22.08.2018 | KPMG Law Insights

Foreign Trade Law & Export Control – [UPDATE] The US withdrawal from the JCPOA and the reactivation of the Blocking Statute by the EU – Implications for European Companies in Foreign Trade

The U.S. withdrawal from the JCPOA and the reactivation of the Blocking Statute by the EU – Implications for European Companies in Foreign Trade

On May 8, 2018, U.S. President Donald J. Trump announced that he would end U.S. participation in the nuclear agreement reached with Iran – the Joint Comprehensive Plan of Action (JCPOA).

Following the U.S. withdrawal from the nuclear deal and the expiration of a wind-down period, the financial and economic sanctions imposed by the U.S. against Iran are to be gradually reinstated. Within the wind-down periods, which are 90 and 180 days and end on August 6, 2018 and November 4, 2018, respectively, companies should wind down and terminate existing business relationships in Iran.

After the first wind-down period expires on August 6, 2018, sanctions related to foreign exchange and commodity trading, as well as against Iran’s automotive industry, among others, will resume. Finally, after the expiration of the second wind-down period, i.e., on November 4, 2018, sanctions against the oil industry, the energy sector, and the financial and insurance industries will revive. The U.S., for example, is already pushing for a global import ban on Iranian oil and has announced it will not make exceptions for the European Union (EU).

Response by the EU

The U.S. withdrawal from the Iran nuclear deal has drawn criticism. The EU, as well as the other signatories of the agreement, have explicitly expressed their support for the preservation of the nuclear agreement with Iran and want to maintain their economic relations in Iran.

To save the nuclear deal, the EU Commission has initiated the formal procedure to reactivate the so-called Blocking Statute (Regulation (EC) No. 2271/96). This anti-boycott provision aims to prevent the extraterritorial application of U.S. sanctions. The Blocking Statute thereby criminalizes participation in the Iran sanctions imposed by the U.S. on companies, but at the same time provides for the possibility of applying for exemptions.

The law is scheduled to take effect before August 6, 2018, the end of the first wind-down period.

Implications for exporting companies

However, European companies operating internationally are thus faced with the dilemma that compliance with the European anti-boycott regulation simultaneously leads to a violation of U.S. embargo provisions. This is compounded by the fact that failure to comply with U.S. sanctions can lead to serious consequences and drastic fines for companies. In addition, past experience has shown that the U.S. administration also consistently takes action against embargo violations by foreign companies.

The Blocking Statute, on the other hand, has not yet been applied in the past. The dispute at the time over sanctions against Cuba, Iran and Libya was settled. In this respect, it remains to be seen how the situation will develop and how the EU, in the event of a violation of the anti-boycott regulation, will react.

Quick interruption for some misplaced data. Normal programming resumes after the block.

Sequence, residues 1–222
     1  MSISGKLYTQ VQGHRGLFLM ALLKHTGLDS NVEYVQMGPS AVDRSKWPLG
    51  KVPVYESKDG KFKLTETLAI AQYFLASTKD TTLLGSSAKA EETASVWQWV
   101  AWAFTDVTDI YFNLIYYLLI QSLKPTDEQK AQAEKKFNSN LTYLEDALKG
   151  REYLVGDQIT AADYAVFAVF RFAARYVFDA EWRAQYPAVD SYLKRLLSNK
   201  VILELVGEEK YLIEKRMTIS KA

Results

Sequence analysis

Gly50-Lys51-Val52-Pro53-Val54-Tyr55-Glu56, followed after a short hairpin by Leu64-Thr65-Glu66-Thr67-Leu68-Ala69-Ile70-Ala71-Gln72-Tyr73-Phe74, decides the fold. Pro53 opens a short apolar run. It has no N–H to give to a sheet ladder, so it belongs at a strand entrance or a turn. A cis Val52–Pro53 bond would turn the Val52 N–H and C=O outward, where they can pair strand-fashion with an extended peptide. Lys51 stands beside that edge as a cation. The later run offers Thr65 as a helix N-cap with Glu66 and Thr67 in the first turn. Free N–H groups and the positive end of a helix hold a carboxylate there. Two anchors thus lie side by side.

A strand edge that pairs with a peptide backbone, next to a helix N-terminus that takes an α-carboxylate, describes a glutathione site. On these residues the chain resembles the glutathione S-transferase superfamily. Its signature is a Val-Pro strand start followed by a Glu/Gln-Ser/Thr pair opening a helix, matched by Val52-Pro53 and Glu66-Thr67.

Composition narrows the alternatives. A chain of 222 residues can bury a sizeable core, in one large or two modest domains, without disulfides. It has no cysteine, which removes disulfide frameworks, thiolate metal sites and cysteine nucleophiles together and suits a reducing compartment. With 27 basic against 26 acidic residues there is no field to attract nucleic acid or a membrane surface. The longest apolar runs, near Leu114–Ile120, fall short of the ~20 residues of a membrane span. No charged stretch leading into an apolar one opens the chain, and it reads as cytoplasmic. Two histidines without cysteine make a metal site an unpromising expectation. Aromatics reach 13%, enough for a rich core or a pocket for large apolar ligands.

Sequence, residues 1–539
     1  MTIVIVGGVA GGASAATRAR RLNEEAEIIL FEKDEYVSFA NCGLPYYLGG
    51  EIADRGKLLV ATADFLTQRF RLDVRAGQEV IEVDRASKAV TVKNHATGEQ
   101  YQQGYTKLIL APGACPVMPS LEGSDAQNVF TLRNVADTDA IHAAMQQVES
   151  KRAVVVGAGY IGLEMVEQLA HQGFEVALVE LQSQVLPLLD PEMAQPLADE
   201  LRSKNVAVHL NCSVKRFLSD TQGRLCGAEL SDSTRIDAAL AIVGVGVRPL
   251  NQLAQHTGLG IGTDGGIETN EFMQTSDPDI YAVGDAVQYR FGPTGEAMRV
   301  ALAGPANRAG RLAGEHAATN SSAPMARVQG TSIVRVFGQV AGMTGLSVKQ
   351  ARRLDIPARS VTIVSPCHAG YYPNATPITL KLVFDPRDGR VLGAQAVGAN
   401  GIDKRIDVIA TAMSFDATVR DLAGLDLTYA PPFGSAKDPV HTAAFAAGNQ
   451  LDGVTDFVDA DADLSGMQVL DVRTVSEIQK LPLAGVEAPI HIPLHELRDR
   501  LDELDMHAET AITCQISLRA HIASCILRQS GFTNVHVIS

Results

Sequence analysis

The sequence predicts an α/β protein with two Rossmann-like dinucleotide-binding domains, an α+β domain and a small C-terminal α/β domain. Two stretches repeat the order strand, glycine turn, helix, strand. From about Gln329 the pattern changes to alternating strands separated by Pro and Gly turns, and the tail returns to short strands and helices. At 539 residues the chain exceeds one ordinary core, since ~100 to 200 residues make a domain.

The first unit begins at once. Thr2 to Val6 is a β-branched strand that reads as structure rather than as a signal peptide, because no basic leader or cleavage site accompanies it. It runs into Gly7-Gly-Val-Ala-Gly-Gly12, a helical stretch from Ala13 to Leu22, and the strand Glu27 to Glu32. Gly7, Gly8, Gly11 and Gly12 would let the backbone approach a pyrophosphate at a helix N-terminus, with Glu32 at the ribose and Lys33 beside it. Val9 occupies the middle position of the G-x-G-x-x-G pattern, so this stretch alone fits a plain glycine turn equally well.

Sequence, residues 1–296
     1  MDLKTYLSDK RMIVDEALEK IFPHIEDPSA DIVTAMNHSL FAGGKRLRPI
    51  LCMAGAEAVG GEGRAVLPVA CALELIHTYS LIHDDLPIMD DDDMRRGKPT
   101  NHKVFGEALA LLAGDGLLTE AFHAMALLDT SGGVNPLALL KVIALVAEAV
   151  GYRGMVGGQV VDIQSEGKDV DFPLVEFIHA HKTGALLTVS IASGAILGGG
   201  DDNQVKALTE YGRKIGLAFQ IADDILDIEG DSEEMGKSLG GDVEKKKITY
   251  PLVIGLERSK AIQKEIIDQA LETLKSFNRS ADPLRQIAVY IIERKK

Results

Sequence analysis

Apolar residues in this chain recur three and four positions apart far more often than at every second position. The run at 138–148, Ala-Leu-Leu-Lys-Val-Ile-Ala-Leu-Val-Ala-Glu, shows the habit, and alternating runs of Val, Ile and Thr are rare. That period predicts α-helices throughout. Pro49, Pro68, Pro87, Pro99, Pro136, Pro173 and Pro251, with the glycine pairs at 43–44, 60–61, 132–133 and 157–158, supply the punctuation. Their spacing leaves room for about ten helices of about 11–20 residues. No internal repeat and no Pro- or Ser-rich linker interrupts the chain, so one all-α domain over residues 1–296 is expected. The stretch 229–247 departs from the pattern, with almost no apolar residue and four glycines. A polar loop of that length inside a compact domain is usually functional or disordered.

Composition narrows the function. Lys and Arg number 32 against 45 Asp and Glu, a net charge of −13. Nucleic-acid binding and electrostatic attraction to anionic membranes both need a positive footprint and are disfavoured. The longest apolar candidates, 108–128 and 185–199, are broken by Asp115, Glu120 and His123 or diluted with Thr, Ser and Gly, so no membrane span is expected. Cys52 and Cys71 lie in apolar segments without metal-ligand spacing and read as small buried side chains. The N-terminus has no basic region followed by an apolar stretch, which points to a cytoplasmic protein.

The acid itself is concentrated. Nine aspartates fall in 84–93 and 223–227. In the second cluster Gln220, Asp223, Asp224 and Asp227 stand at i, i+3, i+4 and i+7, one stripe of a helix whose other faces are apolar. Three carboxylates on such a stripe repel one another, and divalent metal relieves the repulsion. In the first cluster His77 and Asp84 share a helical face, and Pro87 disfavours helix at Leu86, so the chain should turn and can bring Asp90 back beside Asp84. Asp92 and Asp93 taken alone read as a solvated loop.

Following the expiration of the first wind-down period, a large number of sanctions originally suspended by the JCPOA re-entered into force on August 7, 2018. The following activities, among others, are now sanctioned again:

  • The purchase or acquisition of U.S. banknotes by the Government of Iran.
  • Trading in gold or its precious metals
  • The sale, supply or transfer of graphite, metals such as aluminum or steel, coal and software to integrate industrial processes to and from Iran.
  • Significant transactions related to the purchase or sale of the Iranian currency Rial.
  • The purchase, subscription or facilitation of the issuance of Iranian government bonds.

Sanctions against the Iranian automotive sector have also been reimposed.

Furthermore, the U.S. has the authority to

  • the import of foodstuffs and carpets from Iran, and
  • revoke all activities related to the export or re-export of commercial passenger aircraft and related parts and services to Iran.

In connection with the sanctions, the Office of Foreign Assets Control (OFAC) has posted FAQs on sanctions and settlement deadlines, as well as FAQs on the Executive Order itself, on its website.

Entry into force of the EU Blocking Regulation

Simultaneously with the revival of U.S. sanctions, the EU’s updated Blocking Regulation – (EC) No. 2271/96 – also entered into force on August 7, 2018.

In order to support EU economic operators in the application of the Blocking Statute, the EU Commission has published a guide on this subject.

In addition, the Commission has provided a template to assist EU economic operators in preparing and submitting a request for exemption.

The Federal Ministry for Economic Affairs and Energy (BMWi) has also set up a “Contact Point Iran” for affected German companies. They can contact the BMWi directly at

Current developments

In connection with the new sanctions against Iran, the carmaker Daimler, for example, has already announced that its “already limited activities have been suspended until further notice”. The carmakers Renault and Peugeot have also made corresponding announcements.

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